JERUSALEM -- Israel's leader says the country will exert "great force" against Gaza's Hamas rulers after the Islamic militants rejected a truce agreement.
Israel halted its fire for six hours Tuesday after accepting an Egyptian truce proposal. But with Hamas continuing to launch rockets into Israel, it resumed strikes in the afternoon.
Benjamin Netanyahu said in an evening address aired live on television that Israel has "no choice" but to respond more forcefully.
Netanyahu said "Hamas chose to continue fighting and will pay the price for that decision."
The Israeli military says Gaza militants fired close to 125 rockets since the truce was to have begun. CBS News' Michal Ben-Gal reported there was a heavy barrage of rockets towards Tel-Aviv and central Israel on Tuesday evening.
Meanwhile, Israeli police said a man in his 30s was killed by fire from the Gaza Strip, the first Israeli death in more than a week of fighting.
Police spokesman Micky Rosenfeld said that Israeli man was delivering food to soldiers Tuesday at the Erez Crossing with Gaza when he was struck by a mortar.
Nearly 200 Palestinians have been killed in strikes in Gaza since Israel launched the campaign over a week ago to stop rocket fire at its citizens.
Gaza militants have fired more than 1,100 rockets toward Israel in the fighting. Mostly thanks to its "Iron Dome" defense system, no Israelis were killed till Tuesday.
Rosenfeld said at least 15 Israelis, including several children, have been injured by the Palestinian rocket fire since the fighting began.
The current round of violence was the third in just over five years. The previous one, in 2012, eventually ended with the help of Egypt, at the time seen as a trusted broker by Hamas.
But Hamas distrusts Egypt's current rulers, who have tightened the border blockade on Gaza, including curtailing travel in and out of the territory. An easing of the blockade of the coastal strip is key to the survival of Hamas.
Hamas officials on Tuesday rejected the Egyptian plan as is, noting they weren't consulted by Cairo. Some portrayed the truce offer as an ultimatum presented to Hamas by Israel and Egypt.
The officials, including Osama Hamdan, a senior aide to top Hamas leader Khaled Mashaal, said the Egyptian plan offered no tangible achievements, particularly on easing a border blockade of the coastal strip, which has been enforced by Israel and Egypt for the past seven years.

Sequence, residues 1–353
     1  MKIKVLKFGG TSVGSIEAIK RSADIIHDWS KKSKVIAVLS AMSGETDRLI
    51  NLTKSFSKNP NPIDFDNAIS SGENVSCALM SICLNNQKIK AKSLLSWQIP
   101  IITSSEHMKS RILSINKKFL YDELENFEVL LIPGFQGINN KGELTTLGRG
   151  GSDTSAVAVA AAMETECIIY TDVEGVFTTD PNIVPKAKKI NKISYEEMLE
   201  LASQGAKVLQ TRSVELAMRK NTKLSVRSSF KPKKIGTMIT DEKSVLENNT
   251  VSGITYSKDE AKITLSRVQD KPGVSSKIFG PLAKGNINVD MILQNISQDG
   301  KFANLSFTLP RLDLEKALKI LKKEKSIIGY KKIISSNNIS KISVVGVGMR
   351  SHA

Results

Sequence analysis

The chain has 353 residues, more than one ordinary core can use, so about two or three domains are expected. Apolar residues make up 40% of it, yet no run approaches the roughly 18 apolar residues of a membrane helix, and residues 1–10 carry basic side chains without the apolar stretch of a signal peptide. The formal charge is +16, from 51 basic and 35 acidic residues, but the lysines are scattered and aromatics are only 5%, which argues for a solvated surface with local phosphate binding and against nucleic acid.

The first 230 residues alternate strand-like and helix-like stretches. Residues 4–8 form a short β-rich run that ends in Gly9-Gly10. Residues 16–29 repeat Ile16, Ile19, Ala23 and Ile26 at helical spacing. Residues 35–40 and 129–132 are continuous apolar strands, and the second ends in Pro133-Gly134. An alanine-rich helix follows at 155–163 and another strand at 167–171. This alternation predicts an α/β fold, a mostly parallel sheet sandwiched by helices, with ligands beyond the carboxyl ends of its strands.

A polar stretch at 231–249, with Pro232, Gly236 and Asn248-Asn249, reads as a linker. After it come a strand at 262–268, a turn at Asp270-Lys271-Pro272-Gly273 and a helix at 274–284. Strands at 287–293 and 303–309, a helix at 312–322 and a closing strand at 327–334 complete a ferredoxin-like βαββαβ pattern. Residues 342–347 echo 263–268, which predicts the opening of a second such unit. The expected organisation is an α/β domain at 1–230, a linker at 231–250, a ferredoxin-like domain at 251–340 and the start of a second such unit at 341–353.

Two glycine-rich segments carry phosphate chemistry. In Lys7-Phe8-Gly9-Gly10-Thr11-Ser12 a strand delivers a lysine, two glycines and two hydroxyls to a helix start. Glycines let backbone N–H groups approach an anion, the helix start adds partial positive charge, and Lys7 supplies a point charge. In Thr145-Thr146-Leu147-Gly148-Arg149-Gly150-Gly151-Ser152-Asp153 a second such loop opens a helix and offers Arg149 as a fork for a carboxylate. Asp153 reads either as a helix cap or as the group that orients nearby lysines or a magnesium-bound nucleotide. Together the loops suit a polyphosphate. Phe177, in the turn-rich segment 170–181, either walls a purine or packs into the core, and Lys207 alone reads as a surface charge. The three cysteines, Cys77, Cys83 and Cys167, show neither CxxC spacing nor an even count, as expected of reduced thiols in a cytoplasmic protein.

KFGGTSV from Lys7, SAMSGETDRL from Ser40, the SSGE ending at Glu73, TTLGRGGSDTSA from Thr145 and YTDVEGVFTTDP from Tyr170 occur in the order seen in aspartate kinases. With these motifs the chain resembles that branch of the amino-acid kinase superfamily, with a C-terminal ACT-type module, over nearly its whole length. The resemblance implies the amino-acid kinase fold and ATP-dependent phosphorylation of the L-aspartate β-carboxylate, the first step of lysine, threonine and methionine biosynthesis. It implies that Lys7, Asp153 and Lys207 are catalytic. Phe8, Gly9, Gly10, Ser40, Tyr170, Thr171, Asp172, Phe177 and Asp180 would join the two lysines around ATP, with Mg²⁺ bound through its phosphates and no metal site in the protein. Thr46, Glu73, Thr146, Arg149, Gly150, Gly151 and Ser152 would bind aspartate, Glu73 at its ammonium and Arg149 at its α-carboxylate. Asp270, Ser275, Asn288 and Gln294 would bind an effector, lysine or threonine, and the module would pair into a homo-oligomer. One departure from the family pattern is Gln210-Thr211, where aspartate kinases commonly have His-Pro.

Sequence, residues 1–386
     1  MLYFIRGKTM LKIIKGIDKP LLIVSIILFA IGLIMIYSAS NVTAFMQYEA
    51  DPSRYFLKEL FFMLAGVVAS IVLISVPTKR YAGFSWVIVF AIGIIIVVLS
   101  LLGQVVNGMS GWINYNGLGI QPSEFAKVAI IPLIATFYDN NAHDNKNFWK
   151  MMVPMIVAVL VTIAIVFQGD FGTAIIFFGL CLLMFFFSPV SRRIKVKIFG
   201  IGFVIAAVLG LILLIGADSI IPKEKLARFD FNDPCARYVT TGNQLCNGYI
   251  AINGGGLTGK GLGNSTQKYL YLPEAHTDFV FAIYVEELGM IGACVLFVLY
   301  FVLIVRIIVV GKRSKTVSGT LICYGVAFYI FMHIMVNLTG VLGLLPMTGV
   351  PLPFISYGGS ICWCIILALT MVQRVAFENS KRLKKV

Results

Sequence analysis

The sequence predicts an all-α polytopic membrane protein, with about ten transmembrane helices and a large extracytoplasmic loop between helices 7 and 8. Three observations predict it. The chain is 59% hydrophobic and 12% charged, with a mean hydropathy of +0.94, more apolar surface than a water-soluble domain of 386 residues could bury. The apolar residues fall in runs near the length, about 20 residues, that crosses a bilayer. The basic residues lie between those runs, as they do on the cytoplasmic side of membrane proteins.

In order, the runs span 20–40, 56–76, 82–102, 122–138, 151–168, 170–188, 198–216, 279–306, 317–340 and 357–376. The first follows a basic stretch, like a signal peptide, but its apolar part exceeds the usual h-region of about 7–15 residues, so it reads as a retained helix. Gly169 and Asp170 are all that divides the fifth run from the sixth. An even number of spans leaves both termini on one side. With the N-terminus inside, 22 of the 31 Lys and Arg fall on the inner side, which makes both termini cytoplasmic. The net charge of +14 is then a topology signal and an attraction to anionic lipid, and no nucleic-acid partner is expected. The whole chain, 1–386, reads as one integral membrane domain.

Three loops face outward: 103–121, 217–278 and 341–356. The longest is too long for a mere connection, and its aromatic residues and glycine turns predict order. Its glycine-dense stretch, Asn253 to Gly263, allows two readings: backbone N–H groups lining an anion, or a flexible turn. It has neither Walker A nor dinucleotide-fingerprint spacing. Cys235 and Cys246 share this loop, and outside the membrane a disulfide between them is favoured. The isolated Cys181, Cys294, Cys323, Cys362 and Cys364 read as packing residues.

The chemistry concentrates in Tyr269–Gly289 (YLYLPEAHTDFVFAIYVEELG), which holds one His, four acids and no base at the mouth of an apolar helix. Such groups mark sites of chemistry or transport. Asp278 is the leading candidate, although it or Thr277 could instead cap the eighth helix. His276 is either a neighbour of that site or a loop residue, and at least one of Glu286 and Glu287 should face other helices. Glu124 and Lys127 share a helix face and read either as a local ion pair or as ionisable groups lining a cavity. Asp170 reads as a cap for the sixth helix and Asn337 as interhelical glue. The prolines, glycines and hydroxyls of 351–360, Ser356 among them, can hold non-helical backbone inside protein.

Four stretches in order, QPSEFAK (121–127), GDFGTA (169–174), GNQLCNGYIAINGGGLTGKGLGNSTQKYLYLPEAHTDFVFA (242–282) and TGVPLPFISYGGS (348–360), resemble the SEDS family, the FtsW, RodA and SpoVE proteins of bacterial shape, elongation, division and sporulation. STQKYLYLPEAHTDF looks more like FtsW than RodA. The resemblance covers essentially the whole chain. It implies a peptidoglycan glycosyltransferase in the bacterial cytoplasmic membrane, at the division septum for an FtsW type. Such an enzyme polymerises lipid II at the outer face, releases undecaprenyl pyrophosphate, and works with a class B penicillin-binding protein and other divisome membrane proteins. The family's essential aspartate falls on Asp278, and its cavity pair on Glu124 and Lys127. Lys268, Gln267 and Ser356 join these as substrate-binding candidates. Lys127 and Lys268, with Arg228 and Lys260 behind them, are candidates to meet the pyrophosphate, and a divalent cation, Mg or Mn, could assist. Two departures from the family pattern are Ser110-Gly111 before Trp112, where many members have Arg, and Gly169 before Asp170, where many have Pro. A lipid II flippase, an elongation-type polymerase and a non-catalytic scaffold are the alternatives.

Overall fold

Hamdan said the movement needs detailed assurances that Gaza's borders will be opened, particularly the Rafah crossing between Gaza and Egypt, the territory's main gate to the world.
Hamas also wants to be recognized by Egypt as a partner in any truce efforts. "We did not receive any official draft of this Egyptian proposal," said Sami Abu Zuhri, a senior Hamas official in Gaza. He said the Egyptian plan, as is, is "not acceptable."
Hamas officials are weary of promises by Egypt and Israel to ease the border blockade. Such promises were also part of a truce in 2012, but were not fully implemented as the strip remained under blockade.
Before the outbreak of the latest round of fighting, the militant group found itself in a serious financial crisis because the Egyptian closure had prevented cash and goods from coming into the strip through hundreds of smuggling tunnels under the Gaza-Egypt border.
In response to the Egyptian truce plan, Gaza militants fired some 50 rockets at Israel on Tuesday,
The Israeli military said several rockets reached deep into Israel, including near the northern port city of Haifa. Sirens also went off in the towns of Hadera and Zichron Yaakov, more than 100 kilometers (60 miles) north of Gaza.
The military wing of Hamas, which has been responsible for most of the hundreds of rockets launched at Israel in the past week, said the Egyptian plan "wasn't worth the ink it was written with."
As fighting resumed, the Israeli military faced difficult choices. It has warned in the past that it might launch a ground of offensive in Gaza and has amassed thousands of troops on Gaza's border.
However, entering Gaza would likely drive up casualties on both sides. In the past, Israel has shied away from ground operations for fear of getting entangled in the densely populated territory of 1.7 million.
In Vienna, Secretary of State John Kerry blasted Hamas for firing rockets after the proposed cease-fire was to have taken effect.
"I cannot condemn strongly enough the actions of Hamas," Kerry told reporters. In contrast, he praised Egypt's intervention and Israel's acceptance of the deal.
Kerry said the U.S. would continue pushing for a cease-fire is because of the potential for the violence escalating even further.